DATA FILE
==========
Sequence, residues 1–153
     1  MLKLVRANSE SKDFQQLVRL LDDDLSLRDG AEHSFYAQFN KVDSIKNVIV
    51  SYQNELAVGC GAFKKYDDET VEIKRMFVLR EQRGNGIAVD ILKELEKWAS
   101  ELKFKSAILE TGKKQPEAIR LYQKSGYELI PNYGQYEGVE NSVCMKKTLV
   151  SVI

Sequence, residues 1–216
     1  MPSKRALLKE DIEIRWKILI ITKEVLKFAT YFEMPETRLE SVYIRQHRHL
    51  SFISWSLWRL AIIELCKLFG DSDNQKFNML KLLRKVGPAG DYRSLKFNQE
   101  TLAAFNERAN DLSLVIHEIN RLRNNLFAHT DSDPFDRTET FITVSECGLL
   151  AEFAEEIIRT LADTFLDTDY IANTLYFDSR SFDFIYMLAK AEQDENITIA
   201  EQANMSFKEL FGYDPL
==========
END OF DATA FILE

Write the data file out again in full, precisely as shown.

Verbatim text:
Sequence, residues 1–153
     1  MLKLVRANSE SKDFQQLVRL LDDDLSLRDG AEHSFYAQFN KVDSIKNVIV
    51  SYQNELAVGC GAFKKYDDET VEIKRMFVLR EQRGNGIAVD ILKELEKWAS
   101  ELKFKSAILE TGKKQPEAIR LYQKSGYELI PNYGQYEGVE NSVCMKKTLV
   151  SVI

Sequence, residues 1–216
     1  MPSKRALLKE DIEIRWKILI ITKEVLKFAT YFEMPETRLE SVYIRQHRHL
    51  SFISWSLWRL AIIELCKLFG DSDNQKFNML KLLRKVGPAG DYRSLKFNQE
   101  TLAAFNERAN DLSLVIHEIN RLRNNLFAHT DSDPFDRTET FITVSECGLL
   151  AEFAEEIIRT LADTFLDTDY IANTLYFDSR SFDFIYMLAK AEQDENITIA
   201  EQANMSFKEL FGYDPL